Winnipeg, Manitoba -- The Canadian Canola Growers Association (CCGA) is extremely disappointed that the Canadian Transportation Agency (CTA) has decided it will not hear the CCGA’s Level of Service Complaint originally filed on May 26, 2014. In its decision, which responds to motions to dismiss from both railways, the CTA concluded there was not sufficient evidence to proceed with the complaint.
“The CTA’s decision to not hear our complaint is a big blow to tens of thousands of Western Canadian farmers,” says Rick White, CEO of CCGA. “Many of these farmers experienced both short and long-term economic hardship resulting from the breakdown of rail service by both major railways during the 2013-14 shipping season.”
Industry statistics show there is plenty of evidence that this past shipping season was a failure. At the peak, over 70,000 rail car orders were unfilled while ships waited at port because stocks at grain terminals were at historic lows.
One of the association’s most pressing concerns with the decision is the fact that by dismissing this complaint, the broader systemic problems with rail service will not be addressed. “While this decision is not what we had hoped for, CCGA will continue exploring further options after giving full consideration to the decision,” says White.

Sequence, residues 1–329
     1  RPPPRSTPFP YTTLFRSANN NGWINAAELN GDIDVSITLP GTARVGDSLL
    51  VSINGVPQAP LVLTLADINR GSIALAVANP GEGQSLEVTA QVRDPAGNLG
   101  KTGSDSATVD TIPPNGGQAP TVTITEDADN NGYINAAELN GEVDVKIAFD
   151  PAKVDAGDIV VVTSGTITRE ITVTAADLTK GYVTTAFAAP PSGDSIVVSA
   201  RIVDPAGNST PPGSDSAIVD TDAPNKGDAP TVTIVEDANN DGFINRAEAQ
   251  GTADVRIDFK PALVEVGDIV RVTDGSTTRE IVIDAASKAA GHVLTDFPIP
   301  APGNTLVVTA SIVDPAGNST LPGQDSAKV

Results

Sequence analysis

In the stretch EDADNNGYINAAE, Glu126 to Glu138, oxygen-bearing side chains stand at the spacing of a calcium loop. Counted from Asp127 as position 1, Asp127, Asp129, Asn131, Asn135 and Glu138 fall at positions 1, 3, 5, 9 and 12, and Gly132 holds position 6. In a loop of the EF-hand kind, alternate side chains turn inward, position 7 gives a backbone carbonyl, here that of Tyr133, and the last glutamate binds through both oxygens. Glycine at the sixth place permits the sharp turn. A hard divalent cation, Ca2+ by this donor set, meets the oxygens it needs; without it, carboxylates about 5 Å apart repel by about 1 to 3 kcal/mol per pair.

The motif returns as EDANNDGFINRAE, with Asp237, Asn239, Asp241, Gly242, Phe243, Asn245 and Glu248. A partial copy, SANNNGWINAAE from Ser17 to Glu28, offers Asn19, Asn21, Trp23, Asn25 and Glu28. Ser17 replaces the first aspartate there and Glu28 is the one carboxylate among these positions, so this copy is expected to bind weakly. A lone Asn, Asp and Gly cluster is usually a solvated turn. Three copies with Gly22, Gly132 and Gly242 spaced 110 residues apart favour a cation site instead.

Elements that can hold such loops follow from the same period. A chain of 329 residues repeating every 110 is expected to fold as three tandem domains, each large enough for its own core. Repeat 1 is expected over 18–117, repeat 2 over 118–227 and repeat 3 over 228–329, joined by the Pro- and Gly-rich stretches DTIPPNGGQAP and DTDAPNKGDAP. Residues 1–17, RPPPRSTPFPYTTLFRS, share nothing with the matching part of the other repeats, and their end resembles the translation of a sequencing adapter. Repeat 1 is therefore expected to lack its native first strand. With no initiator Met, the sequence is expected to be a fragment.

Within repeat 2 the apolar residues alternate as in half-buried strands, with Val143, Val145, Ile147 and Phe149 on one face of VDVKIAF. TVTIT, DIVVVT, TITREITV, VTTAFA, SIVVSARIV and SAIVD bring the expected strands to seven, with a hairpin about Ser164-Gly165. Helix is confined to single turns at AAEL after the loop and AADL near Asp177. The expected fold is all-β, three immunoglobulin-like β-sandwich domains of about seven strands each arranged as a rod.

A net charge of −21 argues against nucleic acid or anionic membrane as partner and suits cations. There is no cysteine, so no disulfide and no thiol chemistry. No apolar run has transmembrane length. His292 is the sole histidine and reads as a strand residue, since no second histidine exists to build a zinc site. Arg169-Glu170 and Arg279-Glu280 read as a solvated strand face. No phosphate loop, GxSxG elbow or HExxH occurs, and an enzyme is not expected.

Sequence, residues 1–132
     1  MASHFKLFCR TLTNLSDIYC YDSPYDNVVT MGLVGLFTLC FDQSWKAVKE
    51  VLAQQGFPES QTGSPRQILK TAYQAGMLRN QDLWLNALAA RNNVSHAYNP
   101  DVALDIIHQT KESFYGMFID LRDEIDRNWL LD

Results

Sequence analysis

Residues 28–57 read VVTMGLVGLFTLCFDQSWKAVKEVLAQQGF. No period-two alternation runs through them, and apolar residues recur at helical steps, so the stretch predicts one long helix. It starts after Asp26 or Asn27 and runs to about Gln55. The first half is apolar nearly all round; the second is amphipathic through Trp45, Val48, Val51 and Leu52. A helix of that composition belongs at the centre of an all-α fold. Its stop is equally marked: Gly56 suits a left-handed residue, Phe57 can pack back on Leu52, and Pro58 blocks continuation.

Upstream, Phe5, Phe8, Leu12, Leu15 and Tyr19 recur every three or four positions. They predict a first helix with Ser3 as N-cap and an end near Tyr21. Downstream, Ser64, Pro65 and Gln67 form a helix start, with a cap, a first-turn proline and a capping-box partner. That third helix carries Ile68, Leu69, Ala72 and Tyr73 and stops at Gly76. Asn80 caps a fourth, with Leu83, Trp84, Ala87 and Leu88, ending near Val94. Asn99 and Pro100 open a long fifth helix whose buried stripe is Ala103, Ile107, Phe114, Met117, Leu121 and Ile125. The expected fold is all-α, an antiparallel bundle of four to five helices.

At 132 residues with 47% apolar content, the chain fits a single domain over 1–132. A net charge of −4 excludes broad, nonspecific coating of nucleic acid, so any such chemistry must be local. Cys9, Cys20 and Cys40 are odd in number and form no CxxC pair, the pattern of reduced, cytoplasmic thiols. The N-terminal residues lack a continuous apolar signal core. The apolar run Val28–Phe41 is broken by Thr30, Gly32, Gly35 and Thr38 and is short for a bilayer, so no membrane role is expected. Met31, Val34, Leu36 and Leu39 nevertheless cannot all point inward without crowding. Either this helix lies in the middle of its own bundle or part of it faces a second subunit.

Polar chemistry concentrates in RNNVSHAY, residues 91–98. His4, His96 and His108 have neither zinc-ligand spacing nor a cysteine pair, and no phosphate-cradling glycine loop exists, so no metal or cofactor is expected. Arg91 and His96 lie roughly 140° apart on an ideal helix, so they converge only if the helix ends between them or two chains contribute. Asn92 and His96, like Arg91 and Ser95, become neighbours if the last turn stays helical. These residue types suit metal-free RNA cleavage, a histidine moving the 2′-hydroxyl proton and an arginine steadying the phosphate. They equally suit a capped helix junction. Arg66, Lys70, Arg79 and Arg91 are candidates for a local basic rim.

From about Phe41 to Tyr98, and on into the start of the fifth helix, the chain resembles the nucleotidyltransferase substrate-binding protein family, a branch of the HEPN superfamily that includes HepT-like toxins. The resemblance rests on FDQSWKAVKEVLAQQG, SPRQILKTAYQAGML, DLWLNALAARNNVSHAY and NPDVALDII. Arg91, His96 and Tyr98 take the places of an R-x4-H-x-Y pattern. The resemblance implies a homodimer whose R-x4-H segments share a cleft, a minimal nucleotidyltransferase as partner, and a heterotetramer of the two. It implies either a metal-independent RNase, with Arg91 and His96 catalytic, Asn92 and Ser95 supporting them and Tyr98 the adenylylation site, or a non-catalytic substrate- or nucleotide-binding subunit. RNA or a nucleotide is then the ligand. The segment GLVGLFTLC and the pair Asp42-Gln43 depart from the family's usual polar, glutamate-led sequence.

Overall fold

Beyond the decision, CCGA will continue to press for changes that provide Western Canadian farmers with responsive and reliable rail service so that the systemic problems encountered in 2013 are avoided in the future. The association continues to advocate for farmers on a number of fronts including the ongoing Canada Transportation Act review, Transport Canada’s Commodity Supply Chain Roundtable, the Ag Transport Coalition, and the Conference Board of Canada’s study on “Limits to Growth”.
CCGA represents more than 43,000 canola farmers on national and international issues, policies and programs that impact farm profitability.
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